Studio One in Hollywood: Season 4, Episode 12

Mutiny on the Nicolette (3 Dec. 1951)
"Studio One" Mutiny on the Nicolette (original title)

TV Episode  |   |  Drama
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Episode credited cast:
Anthony Ross ...
Ralph Nelson ...
Lt. Clark
Dan Morgan ...
James Westerfield ...
Victor Thorley ...
Victor Rendina ...
Jim Goodwin ...
Kid (as James Goodwin)
Tommy Nello ...
Frank Silvera ...
Rest of cast listed alphabetically:
Paul Brenson ...
Announcer (voice)
Herself - Commercial Spokeswoman


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Release Date:

3 December 1951 (USA)  »

Filming Locations:

Company Credits

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Technical Specs


Sound Mix:

Aspect Ratio:

1.33 : 1
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Did You Know?


Introduction from "Le Coq d' Or"
Music by Nikolai Rimsky-Korsakov
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User Reviews

Never throw it overboard
29 May 2010 | by (United States) – See all my reviews

Boris Karloff really embraced television from the start and appeared in many television anthology dramas over the years. It would be difficult for him, however, to find a better part to sink his teeth into than that of the impostor "Captain Skaggs" in "Mutiny on the Nicolette" (Or "Nichollete," depending on which title card you are looking at, in just about the only careless thing in this production), a tense, thrilling, and mysterious hour-long television drama that makes great use of the medium and has all the energy of a live theatre performance.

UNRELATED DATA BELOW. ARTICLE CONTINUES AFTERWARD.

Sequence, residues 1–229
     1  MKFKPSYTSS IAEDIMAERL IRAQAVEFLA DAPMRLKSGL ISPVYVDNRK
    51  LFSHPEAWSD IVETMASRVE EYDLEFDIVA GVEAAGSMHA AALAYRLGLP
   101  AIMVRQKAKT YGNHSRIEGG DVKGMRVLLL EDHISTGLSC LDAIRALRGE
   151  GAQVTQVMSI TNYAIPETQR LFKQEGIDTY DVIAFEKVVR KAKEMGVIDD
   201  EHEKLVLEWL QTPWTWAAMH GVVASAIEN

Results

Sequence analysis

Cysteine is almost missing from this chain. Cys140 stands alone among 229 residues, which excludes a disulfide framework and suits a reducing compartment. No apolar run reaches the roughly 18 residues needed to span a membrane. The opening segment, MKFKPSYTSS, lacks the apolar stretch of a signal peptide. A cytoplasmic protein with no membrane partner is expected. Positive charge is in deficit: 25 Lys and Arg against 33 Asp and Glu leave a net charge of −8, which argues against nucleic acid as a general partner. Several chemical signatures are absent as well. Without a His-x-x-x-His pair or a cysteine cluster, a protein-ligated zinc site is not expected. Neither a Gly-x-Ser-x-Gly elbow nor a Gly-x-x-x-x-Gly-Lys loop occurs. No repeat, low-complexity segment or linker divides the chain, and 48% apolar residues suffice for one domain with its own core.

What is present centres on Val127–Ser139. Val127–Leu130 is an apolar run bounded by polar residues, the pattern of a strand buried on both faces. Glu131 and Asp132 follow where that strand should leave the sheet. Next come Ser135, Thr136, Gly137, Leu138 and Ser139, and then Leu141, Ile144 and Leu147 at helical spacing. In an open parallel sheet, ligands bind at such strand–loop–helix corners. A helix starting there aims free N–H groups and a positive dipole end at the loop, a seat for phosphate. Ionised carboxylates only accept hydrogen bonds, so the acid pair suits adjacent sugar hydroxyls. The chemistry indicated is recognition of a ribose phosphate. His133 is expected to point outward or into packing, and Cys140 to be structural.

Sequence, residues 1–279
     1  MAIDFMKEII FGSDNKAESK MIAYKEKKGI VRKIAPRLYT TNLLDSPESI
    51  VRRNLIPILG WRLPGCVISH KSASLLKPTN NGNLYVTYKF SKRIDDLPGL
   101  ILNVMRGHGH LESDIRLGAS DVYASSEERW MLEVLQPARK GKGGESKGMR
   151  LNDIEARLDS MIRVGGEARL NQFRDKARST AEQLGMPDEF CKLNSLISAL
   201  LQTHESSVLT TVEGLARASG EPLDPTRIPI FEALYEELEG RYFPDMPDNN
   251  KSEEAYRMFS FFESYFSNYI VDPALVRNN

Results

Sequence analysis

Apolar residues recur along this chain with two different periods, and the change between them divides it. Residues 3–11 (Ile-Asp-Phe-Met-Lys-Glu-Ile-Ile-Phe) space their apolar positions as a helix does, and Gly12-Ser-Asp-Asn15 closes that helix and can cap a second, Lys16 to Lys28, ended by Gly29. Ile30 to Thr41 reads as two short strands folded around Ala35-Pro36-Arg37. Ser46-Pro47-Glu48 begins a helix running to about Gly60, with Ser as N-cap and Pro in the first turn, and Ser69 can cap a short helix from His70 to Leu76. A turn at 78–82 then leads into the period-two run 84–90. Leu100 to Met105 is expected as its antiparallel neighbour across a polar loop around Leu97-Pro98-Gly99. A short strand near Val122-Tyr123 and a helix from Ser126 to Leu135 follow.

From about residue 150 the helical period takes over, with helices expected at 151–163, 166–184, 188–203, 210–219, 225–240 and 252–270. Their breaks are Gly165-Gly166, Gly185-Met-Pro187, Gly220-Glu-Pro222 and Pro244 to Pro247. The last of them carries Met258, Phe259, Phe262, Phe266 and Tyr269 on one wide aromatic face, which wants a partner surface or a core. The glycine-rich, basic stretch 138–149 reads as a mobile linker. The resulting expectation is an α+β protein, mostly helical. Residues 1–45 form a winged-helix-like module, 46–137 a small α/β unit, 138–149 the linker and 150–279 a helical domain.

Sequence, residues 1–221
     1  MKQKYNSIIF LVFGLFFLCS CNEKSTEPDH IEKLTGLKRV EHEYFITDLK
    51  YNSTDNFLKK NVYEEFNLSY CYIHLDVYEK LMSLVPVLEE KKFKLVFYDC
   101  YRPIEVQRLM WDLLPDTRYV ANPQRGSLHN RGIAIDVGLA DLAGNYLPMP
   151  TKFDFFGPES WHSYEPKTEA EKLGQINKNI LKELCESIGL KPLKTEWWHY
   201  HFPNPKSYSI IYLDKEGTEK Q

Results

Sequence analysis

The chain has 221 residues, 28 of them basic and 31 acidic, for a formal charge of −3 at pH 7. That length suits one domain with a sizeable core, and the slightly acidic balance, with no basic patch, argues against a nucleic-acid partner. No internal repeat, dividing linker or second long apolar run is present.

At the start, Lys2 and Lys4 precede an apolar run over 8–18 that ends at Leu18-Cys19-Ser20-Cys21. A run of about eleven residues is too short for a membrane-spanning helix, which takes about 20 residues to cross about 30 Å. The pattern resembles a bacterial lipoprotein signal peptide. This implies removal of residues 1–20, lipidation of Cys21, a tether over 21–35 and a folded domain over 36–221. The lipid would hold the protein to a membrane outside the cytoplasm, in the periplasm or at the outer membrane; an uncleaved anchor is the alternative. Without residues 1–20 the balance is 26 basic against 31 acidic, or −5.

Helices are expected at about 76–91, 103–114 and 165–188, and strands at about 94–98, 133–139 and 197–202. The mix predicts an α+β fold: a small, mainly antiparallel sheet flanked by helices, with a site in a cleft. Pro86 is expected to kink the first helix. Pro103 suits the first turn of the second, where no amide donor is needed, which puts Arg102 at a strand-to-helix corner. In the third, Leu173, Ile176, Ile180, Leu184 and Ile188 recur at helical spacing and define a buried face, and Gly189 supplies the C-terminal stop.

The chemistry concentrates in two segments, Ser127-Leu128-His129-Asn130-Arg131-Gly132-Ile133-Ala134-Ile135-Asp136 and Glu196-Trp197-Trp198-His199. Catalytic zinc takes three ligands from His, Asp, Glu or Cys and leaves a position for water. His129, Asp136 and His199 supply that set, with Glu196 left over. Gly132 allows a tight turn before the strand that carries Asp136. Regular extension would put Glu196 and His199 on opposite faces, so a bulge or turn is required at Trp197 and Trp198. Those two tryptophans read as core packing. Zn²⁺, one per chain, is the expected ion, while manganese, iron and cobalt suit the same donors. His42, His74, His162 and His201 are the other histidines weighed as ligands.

It's a tight story full of doubt, suspicion, and double crosses -- and really about individual obsession and our capacity to be won over without evidence by one persuasive man. Karloff is that individual in both cases and gives an energetic, passionate, and scarily believable as the rough, intense seaman. Sometimes there's nothing more intimidating that absolute obsession, and Karloff really captures it here.

The other performances are excellent too, which is essential in this close, claustrophobic atmosphere created here at the mercy of the sea. It may have been difficult to create a setting out in the ocean in a live television studio, but my focusing on the dark, the void, and the close ship, the sense of containment is only intensified. The writing is also commendable, with strong, pointed dialogue, well-crafted scenes, and a finely-tuned sense of mystery and suspense maintained as we the audience are kept in just as much suspense about such things as whether Captain Miller is really a Nazi, where the ship is headed, and Skaggs' true intentions as the characters are.

This is an excellent anthology drama from the "golden age of television" and well worth seeing if you have the opportunity; it is an excellent context for one of Boris Karloff's most intense, powerful, and memorable performances.

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